Not many bilateral relationships in modern world history have as many twists and turns as the one shared by the United States and Germany. Their relationship has waxed and waned like few others: from mild indifference to faint and uncomplicated appreciation in the 18th and 19th centuries, to growing awareness, rivalry, and then outright hostility in the early 20th century, to codependent enabling and then horrific existential conflict in the mid-20th century, and finally to occupation, reconstruction, and mutually supportive and global-stabilizing friendship after 1945. With early trajectories that informed and mirrored each other, the paths of the United States and Germany eventually collided in the First World War, a conflict born of issues that were only half-resolved in its immediate aftermath. The outbreak of the Second World War laid bare the incompleteness of the Versailles settlement, leading to the complete and utter destruction of German civil society and ushering in an era of American supremacy in the Western world. The United States’ ambitious effort to reconstruct German society along American lines defined the relationship during the postwar period, but a turn toward nationalism in both countries in the early 21st century resurrected old questions and fears.
The 1950s have typically been seen as a complacent, conservative time between the end of World War II and the radical 1960s, when anticommunism and the Cold War subverted reform and undermined civil liberties. But the era can also be seen as a very liberal time in which meeting the Communist threat led to Keynesian economic policies, the expansion of New Deal programs, and advances in civil rights. Politically, it was “the Eisenhower Era,” dominated by a moderate Republican president, a high level of bipartisan cooperation, and a foreign policy committed to containing communism. Culturally, it was an era of middle-class conformity, which also gave us abstract expressionism, rock and roll, Beat poetry, and a grassroots challenge to Jim Crow.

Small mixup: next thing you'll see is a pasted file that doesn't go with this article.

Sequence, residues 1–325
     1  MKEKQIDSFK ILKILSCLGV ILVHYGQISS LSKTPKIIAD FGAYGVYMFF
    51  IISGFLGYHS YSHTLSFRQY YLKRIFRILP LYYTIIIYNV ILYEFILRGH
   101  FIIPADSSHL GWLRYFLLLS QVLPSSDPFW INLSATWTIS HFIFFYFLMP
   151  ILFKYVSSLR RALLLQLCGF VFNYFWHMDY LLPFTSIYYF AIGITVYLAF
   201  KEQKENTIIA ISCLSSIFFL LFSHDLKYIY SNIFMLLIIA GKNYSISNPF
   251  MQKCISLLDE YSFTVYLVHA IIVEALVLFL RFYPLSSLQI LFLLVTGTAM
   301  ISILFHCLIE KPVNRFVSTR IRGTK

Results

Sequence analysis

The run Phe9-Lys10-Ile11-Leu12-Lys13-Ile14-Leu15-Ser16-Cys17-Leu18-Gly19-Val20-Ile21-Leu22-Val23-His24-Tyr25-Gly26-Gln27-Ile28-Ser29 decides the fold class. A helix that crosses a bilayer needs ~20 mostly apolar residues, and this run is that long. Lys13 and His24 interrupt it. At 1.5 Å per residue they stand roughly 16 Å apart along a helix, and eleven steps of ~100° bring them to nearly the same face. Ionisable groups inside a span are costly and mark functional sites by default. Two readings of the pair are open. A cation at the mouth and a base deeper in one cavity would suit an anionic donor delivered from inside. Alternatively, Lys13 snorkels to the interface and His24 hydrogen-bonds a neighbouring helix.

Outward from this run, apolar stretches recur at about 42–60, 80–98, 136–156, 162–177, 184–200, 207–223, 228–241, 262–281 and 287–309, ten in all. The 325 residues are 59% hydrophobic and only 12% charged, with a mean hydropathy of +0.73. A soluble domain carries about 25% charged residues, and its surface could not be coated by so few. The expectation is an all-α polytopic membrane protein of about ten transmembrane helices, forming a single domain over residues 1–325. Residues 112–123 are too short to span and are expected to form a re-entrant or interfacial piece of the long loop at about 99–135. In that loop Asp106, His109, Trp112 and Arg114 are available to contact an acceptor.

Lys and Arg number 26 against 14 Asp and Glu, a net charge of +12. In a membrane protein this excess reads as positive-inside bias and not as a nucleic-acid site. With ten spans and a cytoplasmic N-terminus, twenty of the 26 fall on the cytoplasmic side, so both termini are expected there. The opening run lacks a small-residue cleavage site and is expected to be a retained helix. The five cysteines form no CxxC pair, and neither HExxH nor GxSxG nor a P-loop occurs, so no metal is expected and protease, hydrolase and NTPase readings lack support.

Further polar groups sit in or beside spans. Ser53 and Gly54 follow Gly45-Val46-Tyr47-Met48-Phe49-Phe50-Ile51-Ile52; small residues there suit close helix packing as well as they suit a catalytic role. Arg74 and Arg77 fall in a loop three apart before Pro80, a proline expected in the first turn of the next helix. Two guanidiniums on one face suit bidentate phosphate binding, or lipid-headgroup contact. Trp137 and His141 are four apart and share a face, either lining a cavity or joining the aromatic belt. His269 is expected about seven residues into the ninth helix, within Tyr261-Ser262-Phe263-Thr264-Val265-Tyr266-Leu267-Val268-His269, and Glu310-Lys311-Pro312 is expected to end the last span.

Jimmy Carter’s “Crisis of Confidence Speech” of July 1979 was a critical juncture in post-1945 U.S. politics, but it also marks an exemplary pivot in post-1945 religion. Five dimensions of faith shaped the president’s sermon. The first concerned the shattered consensus of American religion. When Carter encouraged Americans to recapture a spirit of unity, he spoke in a heartfelt but spent language more suitable to Dwight Eisenhower’s presidency than his own. By 1979, the Protestant-Catholic-Jewish consensus of Eisenhower’s time was fractured into a dynamic pluralism, remaking American religion in profound ways. Carter’s speech revealed a second revolution of post-1945 religion when it decried its polarization and politicization. Carter sought to heal ruptures that were dividing the nation between what observers, two decades hence, would label “red” (conservative Republican) and “blue” (liberal Democratic) constituencies. Yet his endeavors failed, as would be evidenced in the religious politics of Ronald Reagan’s era, which followed. Carter championed community values as the answer to his society’s problems aware of yet a third dawning reality: globalization. The virtues of localism that Carter espoused were in fact implicated in (and complicated by) transnational forces of change that saw immigration, missionary enterprises, and state and non-state actors internationalizing the American religious experience. A fourth illuminating dimension of Carter’s speech was its critique of America’s gospel of wealth. Although this “born-again” southerner was a product of the evangelical South’s revitalized free-market capitalism, he lamented how laissez-faire Christianity had become America’s lingua franca. Finally, Carter wrestled with secularization, revealing a fifth feature of post-1945 America. Even though faith commitments were increasingly cordoned off from formal state functions during this time, the nation’s political discourse acquired a pronounced religiosity. Carter contributed by framing mundane issues (such as energy) in moral contexts that drew no hard-and-fast boundaries between matters of the soul and governance. Drawn from the political and economic crises of his moment, Carter’s speech thus also reveals the all-enveloping tide of religion in America’s post-1945 age.